In Years Past

In 1914, in response to a complaint made by Amy Pryor Tapptug, Chautauqua County agent for Dependent Children, Sheriff Gust Anderson made an investigation of alleged serious conditions at the home of a Beardsley at Summerdale. They found matters in such a condition that prompt steps were being taken to relieve them. There were four adults and nine children living at the place, the oldest child being but age 7. The children were practically without clothing. There was no food in the place and no apparent means of securing any. Anderson said that in all his experience this was the worst case of destitution with which he had ever had to deal. There was no question but that the children could not be left there. They would be placed in some institution until homes could be procured for them. The matter was reported to the Overseer of the Poor, J.G.W. Putnam, at Mayville.

The first suggestion of genuine old-fashioned Chautauqua County winter weather was afforded Jamestowners this day. It was not much in comparison to some storms the old timers told about but it was considerable for this season. The wind Sunday night got a position in the northwest and by morning had developed into quite a lively gale. It was cold enough to make things unpleasant outdoors, particularly when the weather for the preceding few weeks was taken into consideration. Fortunately, the snowfall was not unduly heavy. Otherwise the usual breaks in the train and trolley schedules would have been reported. As a matter of fact, the railroad people apparently had little trouble. It was reported that the D.A.V.& P. morning train, southbound, was stalled in a snow drift at Moons Station.

In 1939, with the exception of some 60 dogs, which this day took over the benches vacated by cats, judging had been completed at the 31st annual Chautauqua County Poultry and Pet Stock association show in the furniture market building, West Second Street, Jamestown. Fred Newton, Salamanca, would begin to judge the canine blue blood entries the following afternoon. There was a large crowd on hand the previous day for their last glimpse of the feline exhibits and to witness the special entertainment program presented during the evening. Clyde L. Thrall, Jamestown, gained the honor of owning the grand champion bird of the show, a Light Brahma male cockerel.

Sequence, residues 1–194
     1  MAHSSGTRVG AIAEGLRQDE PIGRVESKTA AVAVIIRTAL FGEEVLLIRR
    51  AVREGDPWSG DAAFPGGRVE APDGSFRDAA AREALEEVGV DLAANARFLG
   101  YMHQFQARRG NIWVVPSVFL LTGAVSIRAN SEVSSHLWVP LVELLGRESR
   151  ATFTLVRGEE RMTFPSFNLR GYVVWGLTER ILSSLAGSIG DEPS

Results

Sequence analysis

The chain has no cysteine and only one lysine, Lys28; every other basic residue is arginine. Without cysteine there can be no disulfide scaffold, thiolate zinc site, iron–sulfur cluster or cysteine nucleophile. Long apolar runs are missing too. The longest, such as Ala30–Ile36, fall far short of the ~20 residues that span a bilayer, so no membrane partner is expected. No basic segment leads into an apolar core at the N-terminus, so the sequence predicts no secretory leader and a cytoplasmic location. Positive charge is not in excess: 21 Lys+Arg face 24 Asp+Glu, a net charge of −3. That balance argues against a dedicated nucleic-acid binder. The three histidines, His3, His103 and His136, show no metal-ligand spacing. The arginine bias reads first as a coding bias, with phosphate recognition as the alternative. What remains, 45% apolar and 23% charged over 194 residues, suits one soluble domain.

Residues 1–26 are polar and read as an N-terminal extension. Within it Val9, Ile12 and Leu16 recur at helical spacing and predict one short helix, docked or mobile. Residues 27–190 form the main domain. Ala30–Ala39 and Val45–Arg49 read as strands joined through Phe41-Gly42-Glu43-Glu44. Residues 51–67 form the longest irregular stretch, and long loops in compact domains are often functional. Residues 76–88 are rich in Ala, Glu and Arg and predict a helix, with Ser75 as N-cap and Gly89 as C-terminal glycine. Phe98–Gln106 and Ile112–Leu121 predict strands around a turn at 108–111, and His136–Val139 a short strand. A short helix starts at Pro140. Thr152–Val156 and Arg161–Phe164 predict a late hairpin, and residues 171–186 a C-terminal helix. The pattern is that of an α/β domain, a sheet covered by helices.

“While I still abstain from direct prophecies, I feel confident that war will come in Europe in the very early spring,” said S. Miles Bouton, former Berlin and Stockholm newspaper correspondent before the Kiwanis Club at its weekly lunch meeting at the Masonic temple in Jamestown. “That is the opinion generally held by well-informed observers. It seems also to be universally assumed that it will come in the form of a thrust eastward by Germany. You will doubtless be astonished when I say that this assumption may be wrong. I do not guarantee the accuracy of what I am to tell you but my information comes from a source which had proved reliable throughout the last four years.”

In 1989, the coming construction season promised to be a busy one at the Chautauqua County Landfill as plans were implemented to expand it by 6 acres. Richard D. Sturges, deputy director of public works, said the county expected the state Department of Environmental Conservation to issue a construction authorization permit soon for the $3 million project. Sturges said the landfill was in the first stage of a three-phase operation which encompassed an area considered adequate to the county’s landfill needs for at least the rest of this year.

Jamestown’s Community Energy System, also known as the District Heating System, was one of the best in the world, according to those who helped create it. The District Heating system provided hot water heat to customers throughout the downtown Jamestown business district. “Our system is impressive, even to people from other countries for several reasons,” said Douglas Champ, district heating supervisor. “Visitors have seen that, in a very short period of time, we have been able to construct a fairly significant system.” Jamestown was a small city with a municipally owned power plant, Champ noted. In cities the size of Jamestown without a city-owned power plant, “They have institutional and other barriers against developing a heating district system.”